violation of the terms of supervision within 12 months of initial release.¨
Baseline Recidivism Rate
In the grant solicitations for each fiscal year of the three reentry grant
programs, OJP did not require its grantees to submit baseline recidivism
rates. An accurate assessment of reductions in recidivism cannot be
conducted without a baseline recidivism rate. We recommend that OJP
request baseline recidivism rates from grantees so that recidivism rates can
be compared.
The Acting Administrator of the OJJDP stated that he did not know why
grantee baseline recidivism rates were not required. The Acting Director of
the BJA stated that it should not request grantee baseline recidivism rates
because of changes in the target population and geographic location of grant
programs that occur after the grant has been awarded but prior to the grant
program´s implementation. The Acting Director of the BJA also stated that
these programmatic changes occur approximately 25 percent of the time
and that grantees should not be required to collect data that may not be
used. He stated that external evaluators assist grantees in calculating
baseline recidivism rates after a target population and geographic location
has been finalized for use in the reentry programs.
While it may be difficult to calculate baseline recidivism rates until a
target population and geographic location are finalized, it is possible to do
so. Moreover, this information is vital to determining recidivism reduction
and program effectiveness, and we believe OJP should require grantees to
41
Recidivism was defined in an updated OJP memorandum as "a return to prison
with a new conviction or supervision within 12 months of release.¨ This definition differed
from the definition used by BJS in its 2002 report because the OJP memorandum only
measures events in the 1-year period following release, while BJS used a 3-year period in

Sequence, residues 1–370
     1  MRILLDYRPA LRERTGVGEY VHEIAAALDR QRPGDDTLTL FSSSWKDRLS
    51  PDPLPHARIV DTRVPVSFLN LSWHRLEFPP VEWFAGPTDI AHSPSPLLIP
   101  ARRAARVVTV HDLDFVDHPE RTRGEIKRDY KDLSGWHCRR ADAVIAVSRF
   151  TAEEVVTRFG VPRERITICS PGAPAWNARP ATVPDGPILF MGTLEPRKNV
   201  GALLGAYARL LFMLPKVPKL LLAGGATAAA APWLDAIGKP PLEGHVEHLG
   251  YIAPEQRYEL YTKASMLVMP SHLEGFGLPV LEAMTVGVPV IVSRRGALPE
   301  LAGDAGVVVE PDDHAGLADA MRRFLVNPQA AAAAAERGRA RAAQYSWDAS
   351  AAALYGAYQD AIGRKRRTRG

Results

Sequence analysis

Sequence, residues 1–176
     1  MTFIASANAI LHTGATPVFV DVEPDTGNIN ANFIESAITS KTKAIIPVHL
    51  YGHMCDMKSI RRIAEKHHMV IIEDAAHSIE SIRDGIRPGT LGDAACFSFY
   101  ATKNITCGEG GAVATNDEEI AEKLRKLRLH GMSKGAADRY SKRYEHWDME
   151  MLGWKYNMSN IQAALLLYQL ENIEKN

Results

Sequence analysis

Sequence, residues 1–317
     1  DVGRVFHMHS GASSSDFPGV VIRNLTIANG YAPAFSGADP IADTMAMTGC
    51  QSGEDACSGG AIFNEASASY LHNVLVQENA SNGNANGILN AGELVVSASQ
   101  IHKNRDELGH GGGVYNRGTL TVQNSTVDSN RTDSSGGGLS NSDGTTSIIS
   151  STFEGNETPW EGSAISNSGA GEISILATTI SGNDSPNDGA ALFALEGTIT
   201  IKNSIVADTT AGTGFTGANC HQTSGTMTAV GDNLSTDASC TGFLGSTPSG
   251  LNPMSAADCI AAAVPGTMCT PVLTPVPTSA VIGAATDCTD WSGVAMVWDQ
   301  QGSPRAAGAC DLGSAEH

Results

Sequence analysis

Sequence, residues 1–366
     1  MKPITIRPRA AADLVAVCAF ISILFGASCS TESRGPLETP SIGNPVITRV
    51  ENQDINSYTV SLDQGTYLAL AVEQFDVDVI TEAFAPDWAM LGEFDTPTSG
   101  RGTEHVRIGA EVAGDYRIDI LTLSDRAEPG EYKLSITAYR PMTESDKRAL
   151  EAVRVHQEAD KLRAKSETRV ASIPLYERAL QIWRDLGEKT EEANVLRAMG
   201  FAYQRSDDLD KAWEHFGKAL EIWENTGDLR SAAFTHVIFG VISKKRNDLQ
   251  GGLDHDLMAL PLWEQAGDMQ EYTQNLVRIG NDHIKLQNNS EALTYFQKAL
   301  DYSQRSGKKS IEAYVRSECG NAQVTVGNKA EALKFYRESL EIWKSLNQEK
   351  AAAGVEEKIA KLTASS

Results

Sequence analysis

its report. In addition, the definition in the OJP memorandum does not include re-arrests
while BJS did include re-arrests in its 2002 report. U.S. Department of Justice Office of
Justice Programs Bureau of Justice Statistics, Recidivism of Prisoners Released in 1994,
Special Report NCJ 193427 (June 2002).
- 26 -















































submit explicit baseline recidivism rates in the offender reentry grant
program solicitations.
Performance Measures
The requirements for documenting and reporting performance
measures were not included in program solicitations until OJP issued its
2004 supplemental SVORI grant solicitation - 2 years after awarding initial
SVORI funding in 2002. When we asked BJA and OJJDP officials about the
lack of performance measures, they could not provide any explanation.
However, in the SVORI FY 2004 supplemental solicitation, OJP identified
11 performance measures that were required to be included in all
subsequent semi-annual progress reports submitted by SVORI grantees,
including those grantees that did not receive additional funding through the
2004 supplemental award.
Although OJP required grantees to include the specific performance
measures in their semi-annual progress reports, OJP officials stated that the
submission of these measurements was only cursorily verified by program
managers in the BJA and OJJDP. These measures were not reviewed for
accuracy and were not utilized to assess whether the grantees were meeting
their performance goals. Furthermore, grantees submitted the performance
measurement data through the Grants Management System, which OJP
officials stated was an inadequate performance measurement collection
system.
42
The Grants Management System does not perform data analysis
and grantees were able to submit data that did not address the required
performance measures. For example, the grantees were allowed to submit a
narrative response for a performance measure that required a numeric
response, which did not provide the type of information needed to evaluate
program performance. OJP officials informed us that a process to assess the
grantee data in a meaningful manner was never developed.
Although performance measures were included in the FYs 2006
through 2008 PRI grant program solicitations, OJP again did not establish a
process to assess PRI grant performance measurements. As we discuss
later in this report, BJA conducted one evaluation that focused on the